“They’re focused on expanding the hospitality services aspect of the business within Canada, which is one of the reasons why I came,” said Flood, who was a senior-vice president with CBRE Hotels and a director with CBRE’s valuation and advisory services group before joining Cushman & Wakefield’s valuation and advisory division as practice leader of the hospitality and gaming group for Canada.
“Canada has become a favoured destination for global investors and we’ve certainly seen a lot of inflows from overseas entities into the market in general, but into hospitality in particular.
“I think it’s important that you’re part of an organization that’s well-connected with counterparts overseas and in the U.S.”
Flood said there’s been record earnings growth in the hotel sector in several provinces over the past few years and that profitability levels have increased significantly.
Record hotel sales volume
Last year set a record for Canadian hotel sales volume with approximately $4 billion in transaction activity. While Flood expects sales to fall short of that total in 2017, he still expects a strong year.
It was announced earlier this year that Vancouver-based Delta Land Development Ltd. sold the 90-year-old Rosewood Hotel Georgia in downtown Vancouver to Hong Kong-based Able Shine Enterprises Ltd. and Magnificent Hotel Investments for $145 million.
Flood expects other large Canadian city centre hotels to transact this year as well.
“Hospitality is a space where investors can still get a premium return over and above what you can get on an office or retail development,” he said, adding the sector is also a good hedge against inflation as hotels can raise room prices to stay ahead of cost increases.
“Canada is a stable market. There’s no political uncertainty so investors look at Canada as a fairly safe haven for investment.”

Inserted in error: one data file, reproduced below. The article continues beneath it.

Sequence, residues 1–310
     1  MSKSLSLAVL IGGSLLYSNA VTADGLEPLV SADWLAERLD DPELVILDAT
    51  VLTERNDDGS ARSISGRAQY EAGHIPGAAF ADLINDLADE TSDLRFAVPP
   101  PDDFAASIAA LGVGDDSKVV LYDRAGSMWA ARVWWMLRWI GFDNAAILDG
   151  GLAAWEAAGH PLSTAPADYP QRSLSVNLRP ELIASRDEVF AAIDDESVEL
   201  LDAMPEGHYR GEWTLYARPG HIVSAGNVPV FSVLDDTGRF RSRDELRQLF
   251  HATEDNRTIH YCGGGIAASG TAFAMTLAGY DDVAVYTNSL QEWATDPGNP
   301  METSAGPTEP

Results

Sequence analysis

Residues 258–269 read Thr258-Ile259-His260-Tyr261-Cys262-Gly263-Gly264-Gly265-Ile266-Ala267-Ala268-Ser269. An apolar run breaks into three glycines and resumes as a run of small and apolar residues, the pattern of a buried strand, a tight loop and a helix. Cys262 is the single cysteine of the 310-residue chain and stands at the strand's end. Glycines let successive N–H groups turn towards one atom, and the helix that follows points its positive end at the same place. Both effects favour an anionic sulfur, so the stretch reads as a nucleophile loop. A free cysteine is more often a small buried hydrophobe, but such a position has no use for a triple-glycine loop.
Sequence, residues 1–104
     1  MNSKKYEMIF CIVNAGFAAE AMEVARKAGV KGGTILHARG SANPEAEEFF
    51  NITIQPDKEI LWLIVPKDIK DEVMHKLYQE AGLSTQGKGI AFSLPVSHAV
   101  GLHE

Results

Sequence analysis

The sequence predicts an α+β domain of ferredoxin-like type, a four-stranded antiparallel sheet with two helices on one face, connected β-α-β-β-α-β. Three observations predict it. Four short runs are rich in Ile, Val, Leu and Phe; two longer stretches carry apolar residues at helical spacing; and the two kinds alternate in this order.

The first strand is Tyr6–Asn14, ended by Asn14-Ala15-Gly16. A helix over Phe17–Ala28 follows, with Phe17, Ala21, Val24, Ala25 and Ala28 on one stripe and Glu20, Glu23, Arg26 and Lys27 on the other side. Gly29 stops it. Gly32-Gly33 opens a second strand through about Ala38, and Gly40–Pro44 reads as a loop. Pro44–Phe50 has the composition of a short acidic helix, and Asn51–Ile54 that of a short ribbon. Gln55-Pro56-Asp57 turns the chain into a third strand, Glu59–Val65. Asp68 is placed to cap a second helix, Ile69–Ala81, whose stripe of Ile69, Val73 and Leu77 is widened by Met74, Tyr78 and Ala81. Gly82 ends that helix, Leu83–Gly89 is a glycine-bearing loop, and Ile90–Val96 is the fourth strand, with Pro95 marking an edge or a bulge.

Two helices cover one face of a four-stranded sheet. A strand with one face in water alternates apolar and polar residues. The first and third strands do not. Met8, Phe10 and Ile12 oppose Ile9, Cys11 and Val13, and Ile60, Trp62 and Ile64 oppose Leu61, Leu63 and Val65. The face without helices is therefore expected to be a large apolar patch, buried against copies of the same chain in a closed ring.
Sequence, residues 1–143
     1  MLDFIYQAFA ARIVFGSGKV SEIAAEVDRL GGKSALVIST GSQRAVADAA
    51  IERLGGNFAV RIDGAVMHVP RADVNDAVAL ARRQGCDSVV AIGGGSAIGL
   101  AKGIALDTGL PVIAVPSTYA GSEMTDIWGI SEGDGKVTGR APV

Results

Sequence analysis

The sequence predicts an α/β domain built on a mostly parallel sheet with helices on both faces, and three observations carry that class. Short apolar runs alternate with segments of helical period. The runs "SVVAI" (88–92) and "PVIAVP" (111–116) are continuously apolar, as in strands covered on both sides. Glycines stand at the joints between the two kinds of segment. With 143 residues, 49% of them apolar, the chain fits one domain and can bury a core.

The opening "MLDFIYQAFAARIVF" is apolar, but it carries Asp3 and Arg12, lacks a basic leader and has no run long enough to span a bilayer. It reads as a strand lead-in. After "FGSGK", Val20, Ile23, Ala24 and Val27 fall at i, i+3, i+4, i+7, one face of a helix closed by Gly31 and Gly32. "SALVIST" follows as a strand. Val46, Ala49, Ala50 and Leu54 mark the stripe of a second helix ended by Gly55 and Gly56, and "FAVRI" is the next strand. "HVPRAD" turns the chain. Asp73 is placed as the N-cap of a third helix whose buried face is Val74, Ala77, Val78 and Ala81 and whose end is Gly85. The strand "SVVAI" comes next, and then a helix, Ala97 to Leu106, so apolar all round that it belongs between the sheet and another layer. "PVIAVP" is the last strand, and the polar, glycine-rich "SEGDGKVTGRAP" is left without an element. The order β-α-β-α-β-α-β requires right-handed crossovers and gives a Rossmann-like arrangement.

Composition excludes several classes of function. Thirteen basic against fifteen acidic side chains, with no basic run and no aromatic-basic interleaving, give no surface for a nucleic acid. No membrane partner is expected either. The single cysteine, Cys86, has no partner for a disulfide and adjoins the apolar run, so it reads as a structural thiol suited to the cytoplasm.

Flood said there’s hotel development activity in the suburbs of Toronto and Ottawa and luxury boutique hotels, which are often part of larger mixed-use developments, are coming into the downtown Toronto market.
Conversely, there have been recent reports of several Toronto hotels — including Toronto Don Valley Hotel & Suites, Grand Hotel, Park Hyatt Toronto and Chelsea Hotel, Toronto — requesting approval to convert to condominiums.
“The very high underlying land values does impact the decision on whether or not to maintain it as a hotel,” said Flood. “The types of densities that the City is approving and the value of that density sometimes exceeds the value of the hotel as an operating entity.”
Such conversions aren’t merely a Toronto issue, as Flood said they can also depend on the market, building and potential work that needs to be done on a hotel once it has reached a certain point in its life cycle.
“If you’re an owner and you’re faced with investing a lot of capital to maintain it as a hotel or alternatively switch to another use, depending on the location it may make more sense to convert it.”
Effects of exchange rate and Airbnb
Flood said the Alberta and Saskatchewan hotel markets, hit hard over the past couple of years, should improve their performance and see investors return in 2017.
He points out the low value of the Canadian dollar is already benefiting some Alberta resorts which have prospered from increased tourist activity from the U.S.
Niagara Falls hotels and resorts have also benefited from the exchange rate, Flood added.
While Airbnb and other similar online community marketplaces have been making headlines for their potential impact on the purpose-built rental and hotel sectors, Flood didn’t express a lot of concern with how they could encroach on his business.
“Airbnb room supply is very elastic. You tend to see rooms coming to market when the market is running at capacity anyway. When the market is a bit slower, you don’t necessarily see those rooms.”